Moldova - the Switzerland solution?

At the OSCE summit 10 years ago this week, Russia and NATO agreed a deal on troop and armament withdrawals from Moldova. It remains unratified, as Russia still has a military presence there. But if it follows through with reform, things may start looking up for this tiny country caught in a frozen conflict, considers Louis O’Neill
4 December 2009

“The Istanbul Commitments.”  It’s not Turks getting married.  Or an Irish soul band that’s lost its way.  Or even the title of a spy movie in which Matt Damon chases foreign troops and weapons out of occupied former Soviet territories, although that’s a bit closer. 

With the conclusion of the Organization for Security and Cooperation in Europe’s XVIIth Council of Ministers in Athens this week, it’s now been exactly ten years since those “commitments” were made (or not made, or made and then unmade) at the OSCE’s Summit when Turkey held the organization’s rotating Chairmanship-in-Office.  At bottom, the Istanbul Commitments represent a linkage between Russia’s withdrawal of its troops and massive stockpiles of armaments from Moldova and Georgia (its ostensible “commitments”) and the ratification by NATO countries of the Adapted Treaty on Conventional Forces in Europe (A/CFE), which would, among other things, regulate weapons located on Russia’s “flanks,” in countries that didn’t exist when the original CFE was ratified.

The Athens agora has ended, once again, without a final political declaration or any consensus statement on Moldova among the 56 OSCE participating States.  This is in part because the Russian Federation insists that it has long ago completely fulfilled any commitments it may have undertaken by withdrawing all CFE-limited weapons from the former Soviet republics.  Moscow was also given an escape hatch at the 2002 OSCE Ministerial in Porto – the group’s last annual meeting to achieve consensus – where Russia’s withdrawal was welcomed “provided necessary conditions are in place.”  Apparently, those elusive conditions have been missing for the last seven years and consequently so has NATO’s will to ratify the A/CFE.  

And so some 20,000 tons of Soviet-era ammunition languish at the Colbasna depot in Transnistria, guarded by Russian troops, while the status-quo in Transnistria itself is guarded by tripartite “peacekeeping” contingents from Russia, Transnistria and Moldova.  Chisinau has once again made its annual request – this time by new Foreign Minister Iurie Leanca – that Russia withdraw its military presence from constitutionally neutral Moldova and that the “peacekeepers” be replaced by an internationalized observer force.  This frustrating, but unavoidable, kabuki will continue at every OSCE Ministerial for the foreseeable future, as will the political “Groundhog Day” that is the 5+2 settlement process.  As exasperating as these modalities may be, they are the only show in town.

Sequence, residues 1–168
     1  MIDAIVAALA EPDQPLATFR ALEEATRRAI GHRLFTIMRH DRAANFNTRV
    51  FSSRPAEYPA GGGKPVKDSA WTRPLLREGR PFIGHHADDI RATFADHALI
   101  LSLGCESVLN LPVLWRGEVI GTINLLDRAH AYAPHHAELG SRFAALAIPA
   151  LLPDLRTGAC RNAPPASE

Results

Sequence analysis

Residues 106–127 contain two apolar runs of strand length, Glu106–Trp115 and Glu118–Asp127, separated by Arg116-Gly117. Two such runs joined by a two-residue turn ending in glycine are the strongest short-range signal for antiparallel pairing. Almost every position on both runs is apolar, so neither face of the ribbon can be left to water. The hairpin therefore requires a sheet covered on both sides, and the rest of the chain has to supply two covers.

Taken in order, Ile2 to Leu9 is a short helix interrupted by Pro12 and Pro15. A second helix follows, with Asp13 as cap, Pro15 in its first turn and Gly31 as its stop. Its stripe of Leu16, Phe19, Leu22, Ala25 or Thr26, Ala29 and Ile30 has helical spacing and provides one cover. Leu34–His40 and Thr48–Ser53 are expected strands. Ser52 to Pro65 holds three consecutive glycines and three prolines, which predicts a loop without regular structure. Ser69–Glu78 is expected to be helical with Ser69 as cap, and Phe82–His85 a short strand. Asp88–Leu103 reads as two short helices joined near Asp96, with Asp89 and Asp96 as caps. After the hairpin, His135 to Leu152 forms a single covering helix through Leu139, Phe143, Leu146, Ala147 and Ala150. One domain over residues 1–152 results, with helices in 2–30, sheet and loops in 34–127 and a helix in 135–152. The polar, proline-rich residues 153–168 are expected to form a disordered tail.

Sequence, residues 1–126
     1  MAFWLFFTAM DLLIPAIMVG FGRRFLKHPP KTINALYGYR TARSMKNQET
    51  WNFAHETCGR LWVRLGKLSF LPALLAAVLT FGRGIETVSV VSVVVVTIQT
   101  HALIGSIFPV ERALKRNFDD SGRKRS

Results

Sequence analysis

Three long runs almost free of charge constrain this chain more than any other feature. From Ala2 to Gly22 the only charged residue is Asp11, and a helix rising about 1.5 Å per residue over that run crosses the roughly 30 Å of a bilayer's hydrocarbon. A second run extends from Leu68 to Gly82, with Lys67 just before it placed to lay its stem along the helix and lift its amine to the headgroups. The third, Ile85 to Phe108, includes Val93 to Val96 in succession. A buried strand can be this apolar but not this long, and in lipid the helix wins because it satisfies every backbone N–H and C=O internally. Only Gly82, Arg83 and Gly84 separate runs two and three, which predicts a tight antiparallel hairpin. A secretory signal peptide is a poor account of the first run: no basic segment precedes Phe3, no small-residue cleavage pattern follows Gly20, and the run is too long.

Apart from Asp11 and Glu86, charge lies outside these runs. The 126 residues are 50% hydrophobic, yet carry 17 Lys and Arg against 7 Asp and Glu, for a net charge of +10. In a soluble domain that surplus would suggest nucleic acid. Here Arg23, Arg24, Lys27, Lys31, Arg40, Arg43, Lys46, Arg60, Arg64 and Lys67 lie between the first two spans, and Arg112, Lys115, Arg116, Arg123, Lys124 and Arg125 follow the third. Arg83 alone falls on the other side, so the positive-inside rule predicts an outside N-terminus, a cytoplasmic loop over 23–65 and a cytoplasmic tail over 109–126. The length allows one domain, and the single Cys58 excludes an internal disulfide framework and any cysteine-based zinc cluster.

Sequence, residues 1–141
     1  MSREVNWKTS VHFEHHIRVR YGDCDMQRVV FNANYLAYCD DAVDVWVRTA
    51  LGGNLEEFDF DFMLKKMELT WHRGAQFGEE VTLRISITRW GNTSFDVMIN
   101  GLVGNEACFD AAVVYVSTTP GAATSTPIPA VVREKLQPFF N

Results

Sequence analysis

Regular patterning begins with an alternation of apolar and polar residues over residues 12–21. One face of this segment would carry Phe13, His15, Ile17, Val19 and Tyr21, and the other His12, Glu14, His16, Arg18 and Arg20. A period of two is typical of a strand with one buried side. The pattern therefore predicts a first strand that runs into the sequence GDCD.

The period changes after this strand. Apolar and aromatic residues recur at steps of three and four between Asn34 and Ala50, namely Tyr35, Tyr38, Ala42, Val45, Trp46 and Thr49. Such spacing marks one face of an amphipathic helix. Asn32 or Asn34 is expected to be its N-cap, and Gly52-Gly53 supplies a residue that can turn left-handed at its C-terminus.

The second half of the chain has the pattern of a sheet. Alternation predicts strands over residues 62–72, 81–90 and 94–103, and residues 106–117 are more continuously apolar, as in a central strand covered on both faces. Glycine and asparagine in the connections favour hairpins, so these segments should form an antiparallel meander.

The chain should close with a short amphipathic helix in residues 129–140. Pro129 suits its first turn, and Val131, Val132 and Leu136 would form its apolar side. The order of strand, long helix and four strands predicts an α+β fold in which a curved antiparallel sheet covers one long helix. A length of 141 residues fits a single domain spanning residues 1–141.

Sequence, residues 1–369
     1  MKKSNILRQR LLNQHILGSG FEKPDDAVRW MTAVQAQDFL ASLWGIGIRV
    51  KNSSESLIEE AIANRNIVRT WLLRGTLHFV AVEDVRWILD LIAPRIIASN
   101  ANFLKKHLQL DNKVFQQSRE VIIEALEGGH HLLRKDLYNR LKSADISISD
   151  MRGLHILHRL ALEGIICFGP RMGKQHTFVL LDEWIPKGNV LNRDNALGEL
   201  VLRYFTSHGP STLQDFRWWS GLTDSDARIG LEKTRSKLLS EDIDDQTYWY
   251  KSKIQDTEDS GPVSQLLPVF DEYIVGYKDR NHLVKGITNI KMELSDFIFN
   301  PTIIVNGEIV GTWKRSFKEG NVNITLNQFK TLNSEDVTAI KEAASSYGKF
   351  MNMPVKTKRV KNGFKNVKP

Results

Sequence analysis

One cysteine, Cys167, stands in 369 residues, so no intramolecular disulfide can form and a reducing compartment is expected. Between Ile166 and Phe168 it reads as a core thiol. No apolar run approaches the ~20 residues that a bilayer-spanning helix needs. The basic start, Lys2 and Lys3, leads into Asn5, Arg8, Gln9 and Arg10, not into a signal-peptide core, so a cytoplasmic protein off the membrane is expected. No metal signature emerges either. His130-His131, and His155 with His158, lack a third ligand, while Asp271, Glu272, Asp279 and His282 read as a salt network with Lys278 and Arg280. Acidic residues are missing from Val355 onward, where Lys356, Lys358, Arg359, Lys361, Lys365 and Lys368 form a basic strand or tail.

That is, unless the situation on the ground somehow changes. 

Moldova has advanced the rhetoric of European integration for years, but without rolling up its sleeves to do the hard and systematic work of reform that is a prerequisite for even being considered by an expansion-weary Brussels for the membership track.  In vain, experts have long argued that Moldova could speed things up and simultaneously chip away at the Transnistrian impasse by making itself a successful and attractive country – both to its people living across the Nistru and to fastidious European bureaucrats – and thus gain a shot at accession in our lifetime.

Now, Moldova’s Alliance for European Integration is trying to live up to its name with real steps towards Europe.  This movement will only intensify should Marian Lupu be elected president on December 7, despite his careful cultivation of Kremlin contacts and overtures to the party of power, United Russia.  The new Moldovan government has recognized the need to do what Leanca called “its homework” by creating a modern country with a favorable investment climate, rule of law, independent judiciary, respect for human rights and freer media landscape. 

Refreshingly, Prime Minister Vlad Filat has stated unequivocally that the solution to the Transnistrian conflict lies “in Chisinau and it depends directly on the living conditions, rights and freedoms that citizens from the right bank of the Nistru River will have…it is very hard when one cannot provide a clear and attractive alternative for those from Transnistria.”  Even russophobic Acting President Mihai Ghimpu is talking the talk:  “The democratization of Moldova will constitute an attractive model for the residents of the [Transnistrian] region and this will strengthen trust between the two banks of the Nistru.”  These are encouraging sentiments, and time will tell whether the new crew will be able to couple words with actions more convincingly than its predecessors.

Presently, portentous advances are being made toward a new corner of the European Union lying just across the Prut, with unpredictable consequences for Transnistrian settlement.   After years of Romania-bashing by the Moldovan Communists, the fitful Bucharest-Chisinau love affair has once again blossomed.  Of greatest moment, perhaps, is the signing in November of a Convention on Small-Scale Border Traffic, which will be coming into force shortly.  By most estimates it will allow more than a million Moldovans – easily a quarter of the population – who live within 50 kilometers of the common border to travel visa-free an equal distance into Romania.  Visa-free travel is, of course, the holy grail of EU accession goodies, and this deal represents a major step for Moldova, particularly as the travel band could easily be widened to include all of Romania if things go smoothly.